How to Cope with Postpartum Anxiety on Top of OCD
OCD fills your mind with intrusive thoughts, convinces you that devastating things will happen if you don’t react in the right way. As a new parent, this might be difficult to deal with, especially when those thoughts surround your new child.
Postpartum anxiety doesn’t help either. That anxiety only adds to your OCD. You might be used to dealing with one of these issues alone, but you might be out of your depth when it comes to dealing with both of them at once. Hopefully, these tips will help you cope with this new, intense combination of anxieties.
Distract Your Mind
Sometimes, your anxiety and intrusive thoughts are so convincing you start to forget how unlikely they are. Trying to remind yourself of the facts doesn’t always help. You might end up engaged in a never-ending argument with your own brain.
So, instead of feeding into that loop, try distracting yourself. You can put music on or go for a walk. Maybe put on a movie or a show to help you get your mind off your thoughts. And, of course, you can try some grounding techniques, such as listing all the objects in a specific color that you can see, or engaging all your senses and separately listing the things you can see, hear, touch, taste, and smell.
It can be hard to find time to exercise when you’re taking care of a newborn, but regular movement can help your anxiety feel less intense. Maybe you and your baby can go for a walk, or you can try short, ten-minute yoga sequences at home. You can play a song you like and dance in your living room.
There are a lot of ways to keep somewhat active, even when most of your focus is on your child. You’ll see your anxiety become easier to bear the more you move throughout your day.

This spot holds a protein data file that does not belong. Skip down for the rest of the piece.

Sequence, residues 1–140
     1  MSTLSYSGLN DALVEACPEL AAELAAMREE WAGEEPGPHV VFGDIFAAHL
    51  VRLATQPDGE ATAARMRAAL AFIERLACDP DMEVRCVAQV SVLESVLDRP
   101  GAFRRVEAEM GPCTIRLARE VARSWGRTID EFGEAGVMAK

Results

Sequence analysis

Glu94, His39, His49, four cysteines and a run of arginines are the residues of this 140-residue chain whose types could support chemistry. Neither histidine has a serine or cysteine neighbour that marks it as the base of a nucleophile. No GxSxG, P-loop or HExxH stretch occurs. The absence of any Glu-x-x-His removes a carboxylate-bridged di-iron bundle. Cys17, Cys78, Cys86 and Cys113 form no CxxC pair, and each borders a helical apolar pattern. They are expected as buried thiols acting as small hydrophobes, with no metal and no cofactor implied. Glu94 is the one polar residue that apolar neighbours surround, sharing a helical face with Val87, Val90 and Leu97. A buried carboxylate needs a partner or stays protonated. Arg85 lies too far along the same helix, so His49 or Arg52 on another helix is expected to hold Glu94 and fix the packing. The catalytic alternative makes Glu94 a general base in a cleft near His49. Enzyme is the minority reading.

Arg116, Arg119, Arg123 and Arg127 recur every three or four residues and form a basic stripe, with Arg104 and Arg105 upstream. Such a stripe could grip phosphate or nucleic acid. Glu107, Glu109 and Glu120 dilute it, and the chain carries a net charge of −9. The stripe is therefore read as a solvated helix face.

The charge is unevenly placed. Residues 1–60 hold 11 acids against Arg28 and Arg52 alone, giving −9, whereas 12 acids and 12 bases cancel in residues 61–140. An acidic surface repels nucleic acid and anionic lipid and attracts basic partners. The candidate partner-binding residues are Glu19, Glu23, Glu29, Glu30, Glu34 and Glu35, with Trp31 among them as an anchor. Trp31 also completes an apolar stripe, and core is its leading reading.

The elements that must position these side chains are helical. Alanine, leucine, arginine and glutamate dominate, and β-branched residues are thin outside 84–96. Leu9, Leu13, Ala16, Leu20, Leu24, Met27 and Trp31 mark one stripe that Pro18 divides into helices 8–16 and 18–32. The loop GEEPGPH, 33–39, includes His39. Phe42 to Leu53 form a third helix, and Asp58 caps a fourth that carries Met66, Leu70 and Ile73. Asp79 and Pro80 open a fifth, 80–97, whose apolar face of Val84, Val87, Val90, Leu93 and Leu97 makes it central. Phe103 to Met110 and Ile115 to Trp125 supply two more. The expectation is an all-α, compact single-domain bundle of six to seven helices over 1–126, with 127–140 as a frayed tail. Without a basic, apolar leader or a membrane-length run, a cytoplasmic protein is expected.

Try Relaxation Techniques
It might sound near impossible, but learning relaxation techniques can only be beneficial. You might have heard of meditation or deep breathing. You might be aware of some mindfulness techniques you can use throughout your day to calm the intensity of your anxiety and push back all distressing thoughts.
You can also engage in some self-care activities. It can be anything you like to do that normally relaxes you. You can run yourself a bath, or make yourself a hot drink you like. Any little thing that leaves you feeling calmer afterwards helps.
Raising a child is not easy, even when you don’t also struggle with OCD or postpartum anxiety. So, it’s only normal that you might need more help than most. And that’s perfectly understandable. It’s nothing to be ashamed of.
If friends or family members offer to help you in any way, don’t be afraid to accept. Let them drive you where you need to go, babysit your child while you take a moment to yourself, bring you meals when you don’t have the time or energy to cook.
Don’t forget you’re not alone in this. You’re not the only new parent who struggles with mental health issues. So, look around, see if there are any support groups that you can join. There’s nothing more helpful than finding people who understand what you’re going through, and being able to share your experiences with them and listen to them in return. That kind of connection is invaluable.
And lastly, consider counseling. We can help you learn to cope with your new levels of anxiety. We can help you feel better about yourself and move throughout the world with more confidence, with less distress. There’s only one thing you have to do: reach out and make an appointment with us.
To learn more about how Mindful Reflections can help, check out our Postpartum Therapy page.
If you’re pregnant, or your partner is, then you’ve probably looked into the different kinds of...
Having a child is a wonderful, special experience. We bring a baby into the world, and we raise...
For a lot of us, giving birth is complicated. Birth might not go as planned, or we find ourselves...